In olden times, some books even had to be chained. Petroski refers to an unknown book published in 1931 called The Chained Library. Following up on this book, he actually found a book in the rare book section of the Yale University which is actually chained. The chained book is an important part of the story that Petroski has to tell.

For the book lover, reading this book is like taking part in a truffle hunt or being struck by serendipity. There are valuable nuggets of information and analysis tucked away in unknown and unexpected corners.

It will be impossible, after reading this book, to look at bookshelves as mere props. But for those who are particular about arranging books on a book shelf, Petroski leaves with a problem: how is his book going to be shelved. It defies a precise classification.


By Mark Crispin Miller
(Bantam, £ 6.99)

Mark Crispin Miller’s The Bush Dyslexicon: The Sayings Of President Dubya is a thoroughly entertaining as well as a stridently serious book. Entertaining, because it gathers priceless Bushisms: “to fight and be able to win war, and therefore prevent war from happening in the first place.” Distressingly funny as this may be, these very words also justify the alarmism of Miller’s book. Miller repeatedly dissociates himself from any party line. He claims to be doing with the latest American president what David Frye did with Richard Nixon, or Chevy Chase with Gerald Ford. But this book also puts forward a polemic against an order of crassness that would have been pure buffa material had it not been so dangerously empowered. Miller’s grim diagnosis is a “dual disorder...suggestive of dyslexia” and perhaps even of a touch of amnesia: “Our system suffers from a grave disorder at the top — both in the nation’s capitol, where a callow and illiterate President sits unelected, gamely fronting for a far-right oligarchy; and throughout the mainstream media, whose personnel will not perceive the evidence before their eyes.”

By Souvik Raychaudhuri
(Papyrus, Rs 195)

Souvik Raychaudhuri’s Partition Trauma, Theoedipal Rupture, Dreaming: The Cinematic Will Of Ritwik Kumar Ghatak is a dispensable book that attempts to add “a dimension to the understanding of psychoanalytic characteristics of movie (sic).” That grammatical infelicity is symptomatic, and becomes particularly unbearable when combined with the use of dated oedipal twaddle. The fatuousness of being told, about Ajantrik, that Bimal’s car is his “cathected object of desire”, or being pointed out Ghatak’s “cyclicality of ‘leitmotif’ of images”. The argument is entirely derivative, with a non-existent scholarly apparatus and the range of cinematic reference is quite giddying, from Blow Up to Blue Velvet. There is a more or less useful filmography and bibliography of Ghatak’s articles, interviews and letters. A recent collection of Ghatak’s cinematic writing had opened up possibilities of good interpretive work. Raychaudhuri’s shoddily printed book quite fails to realize this.

By Bob Beale
(Penguin, Rs 295)

Bob Beale’s Men, From Stone Age To Clone Age: The Science Of Being Male is a wacky, Reader’s Digest-type pop-medical look at “that puzzle — the man question”. There is the usual wisdom on sperm counts, duds, studs, blondes, gentlemen, boys and their mothers, men and their dens. But the best answer to the male question is provided by the sexual life of angler fish: “Tiny young male angler fish drift around until they encounter a large female, then physically latch into her body. In time, the two literally fuse together...then his body shrivels away until only the genitals are left...sometimes a mature female may sport as many as five or six sets of male genitals, from which she can fertilize herself.” Bob Beale comments sagely, “That makes human males an even greater puzzle.”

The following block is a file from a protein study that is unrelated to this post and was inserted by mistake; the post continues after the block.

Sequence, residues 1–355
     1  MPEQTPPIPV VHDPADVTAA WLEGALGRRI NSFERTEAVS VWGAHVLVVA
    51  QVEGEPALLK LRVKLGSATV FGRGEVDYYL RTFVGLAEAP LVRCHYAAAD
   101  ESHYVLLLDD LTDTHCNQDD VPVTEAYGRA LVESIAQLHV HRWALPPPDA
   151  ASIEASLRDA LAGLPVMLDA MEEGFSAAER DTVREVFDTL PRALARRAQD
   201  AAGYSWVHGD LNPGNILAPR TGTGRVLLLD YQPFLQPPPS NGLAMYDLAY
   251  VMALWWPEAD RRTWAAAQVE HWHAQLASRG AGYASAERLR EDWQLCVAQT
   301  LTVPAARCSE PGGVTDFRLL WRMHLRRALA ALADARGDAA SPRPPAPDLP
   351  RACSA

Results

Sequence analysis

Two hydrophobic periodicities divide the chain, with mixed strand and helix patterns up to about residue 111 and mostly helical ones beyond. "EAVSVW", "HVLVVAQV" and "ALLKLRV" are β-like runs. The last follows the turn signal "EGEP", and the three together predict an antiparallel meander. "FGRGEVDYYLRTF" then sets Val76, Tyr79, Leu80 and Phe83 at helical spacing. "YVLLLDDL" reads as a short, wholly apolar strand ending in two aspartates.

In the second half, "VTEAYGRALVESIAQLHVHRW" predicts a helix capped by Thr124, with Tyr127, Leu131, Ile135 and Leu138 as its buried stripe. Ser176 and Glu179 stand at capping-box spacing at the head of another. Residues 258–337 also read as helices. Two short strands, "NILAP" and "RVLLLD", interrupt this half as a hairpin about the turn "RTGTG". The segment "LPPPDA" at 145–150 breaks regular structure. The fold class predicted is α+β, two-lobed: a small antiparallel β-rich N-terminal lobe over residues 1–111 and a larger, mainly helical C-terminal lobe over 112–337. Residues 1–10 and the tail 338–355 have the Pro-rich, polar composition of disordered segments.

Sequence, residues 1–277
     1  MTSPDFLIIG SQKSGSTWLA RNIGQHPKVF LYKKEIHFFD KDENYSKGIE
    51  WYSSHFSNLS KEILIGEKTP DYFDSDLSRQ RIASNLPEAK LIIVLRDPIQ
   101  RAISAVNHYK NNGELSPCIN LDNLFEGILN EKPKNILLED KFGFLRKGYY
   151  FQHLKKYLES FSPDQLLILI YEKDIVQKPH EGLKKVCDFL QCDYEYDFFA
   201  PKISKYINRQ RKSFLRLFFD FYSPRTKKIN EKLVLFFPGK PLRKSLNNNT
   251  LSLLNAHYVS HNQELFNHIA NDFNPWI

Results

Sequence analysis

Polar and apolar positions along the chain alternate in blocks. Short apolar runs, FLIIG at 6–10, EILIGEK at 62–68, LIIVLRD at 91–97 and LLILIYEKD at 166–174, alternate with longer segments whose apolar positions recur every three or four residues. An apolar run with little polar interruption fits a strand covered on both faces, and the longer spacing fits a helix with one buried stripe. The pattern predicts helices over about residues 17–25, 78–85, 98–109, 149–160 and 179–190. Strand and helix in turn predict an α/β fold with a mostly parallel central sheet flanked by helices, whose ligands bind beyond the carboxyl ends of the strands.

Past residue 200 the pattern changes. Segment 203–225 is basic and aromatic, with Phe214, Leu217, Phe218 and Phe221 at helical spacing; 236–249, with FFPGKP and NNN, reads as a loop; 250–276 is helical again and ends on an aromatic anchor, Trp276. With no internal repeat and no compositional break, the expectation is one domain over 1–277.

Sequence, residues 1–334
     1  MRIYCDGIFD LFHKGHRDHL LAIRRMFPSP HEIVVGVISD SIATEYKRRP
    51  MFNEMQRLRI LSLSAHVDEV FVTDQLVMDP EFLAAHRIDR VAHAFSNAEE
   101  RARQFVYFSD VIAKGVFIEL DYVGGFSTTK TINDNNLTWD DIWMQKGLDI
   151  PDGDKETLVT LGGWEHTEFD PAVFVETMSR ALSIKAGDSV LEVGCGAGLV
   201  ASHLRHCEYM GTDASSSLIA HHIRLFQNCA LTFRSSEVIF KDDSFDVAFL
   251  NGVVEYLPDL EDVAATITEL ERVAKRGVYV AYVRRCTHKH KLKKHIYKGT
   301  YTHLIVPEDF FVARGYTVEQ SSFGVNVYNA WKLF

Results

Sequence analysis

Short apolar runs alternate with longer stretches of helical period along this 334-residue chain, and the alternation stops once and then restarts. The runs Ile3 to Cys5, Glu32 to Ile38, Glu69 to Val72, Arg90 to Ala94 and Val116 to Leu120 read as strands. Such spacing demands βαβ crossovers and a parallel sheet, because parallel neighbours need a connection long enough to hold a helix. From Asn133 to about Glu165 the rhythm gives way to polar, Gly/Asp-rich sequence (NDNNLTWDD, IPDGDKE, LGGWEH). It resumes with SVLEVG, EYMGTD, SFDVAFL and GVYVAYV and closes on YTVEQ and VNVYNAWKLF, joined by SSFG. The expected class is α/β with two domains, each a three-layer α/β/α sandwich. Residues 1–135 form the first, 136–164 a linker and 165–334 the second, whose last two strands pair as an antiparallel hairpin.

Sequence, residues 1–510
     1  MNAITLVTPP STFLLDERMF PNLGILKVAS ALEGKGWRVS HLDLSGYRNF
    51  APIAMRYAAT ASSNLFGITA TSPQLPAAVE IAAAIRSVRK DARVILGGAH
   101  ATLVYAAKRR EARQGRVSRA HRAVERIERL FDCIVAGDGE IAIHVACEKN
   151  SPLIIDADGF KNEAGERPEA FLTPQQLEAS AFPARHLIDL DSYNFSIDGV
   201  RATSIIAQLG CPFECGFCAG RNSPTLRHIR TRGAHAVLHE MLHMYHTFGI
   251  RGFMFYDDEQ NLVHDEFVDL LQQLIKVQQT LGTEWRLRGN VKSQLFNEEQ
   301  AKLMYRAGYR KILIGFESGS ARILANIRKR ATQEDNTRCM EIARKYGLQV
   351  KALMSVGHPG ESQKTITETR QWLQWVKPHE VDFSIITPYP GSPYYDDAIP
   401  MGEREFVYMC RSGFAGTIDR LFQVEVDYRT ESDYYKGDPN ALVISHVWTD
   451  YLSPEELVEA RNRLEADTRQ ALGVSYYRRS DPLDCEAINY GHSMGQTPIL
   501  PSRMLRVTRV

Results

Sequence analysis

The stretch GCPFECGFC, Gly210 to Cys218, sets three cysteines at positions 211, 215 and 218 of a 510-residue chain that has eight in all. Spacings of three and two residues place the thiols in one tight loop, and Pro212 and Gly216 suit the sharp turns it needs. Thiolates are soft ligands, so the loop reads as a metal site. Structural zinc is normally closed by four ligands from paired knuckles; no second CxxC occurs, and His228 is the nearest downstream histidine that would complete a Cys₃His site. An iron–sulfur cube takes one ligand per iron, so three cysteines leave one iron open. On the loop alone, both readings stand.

By Ayn Rand
(Plume, $ 8.99)

Ayn Rand’s The Art Of Nonfiction: A Guide For Writers And Readers gathers the edited transcripts of a series of lectures delivered, in 1969, by the writer of the strangely successful philosophical blockbuster, The Fountainhead. It would come as no surprise to those acquainted with Howard Roark’s monstrous ego that his creator would finish her lectures with “Follow my method, not the conformist writers”. The “abstract principles” behind Rand’s self-assured directives all tend to resolutely demystify writing: “Any person who can speak English grammatically can learn to write nonfiction.”

By Sidney Poitier
(Pocket, $ 8)

Sidney Poitier’s The Measure Of A Man: A Memoir is a wonderful testament from a remarkable actor. For Poitier, the only African-American actor to win the Academy Award for best actor, this is less a book about his life than a book about “life itself”. The memoir is primarily an exercise in self-questioning, but goes back to his childhood on Cat Island in the Bahamas, crediting his parents for the unflinching moral integrity which equipped him to break every racial and social barrier in the America of the Fifties and Sixties. “I wanted to find out, as I looked back at a long and complicated life, with many twists and turns, how well I’ve done at measuring up to the values I espouse, the standards I myself have set.”



Free ride that you just can’t take

Sir — “Free-riders run riot in Dum Dum station” (June 27) describes a sort of thing that can only happen in this country. Eastern Railways has to learn that every time they have “special” ticket checking drives, violence will break out. Mass ticketless travel has less to do with poverty or the affordability of the tickets. The desire to cheat the government of that extra penny stems from a deep-set feeling of being at the receiving end of bad treatment from it. The palpable absence of adequate state intervention in matters relating to essential services and social security cause such insecurities among people. If indeed Eastern Railways wants to stop mass ticketless travel, it should have checking drives on a regular basis instead of conducting these one-off stints. Passengers need to be kept on tenterhooks about these drives because until there is an effective policing machinery which guarantees the regular detection and punishment of offenders, people will continue to enjoy these free rides.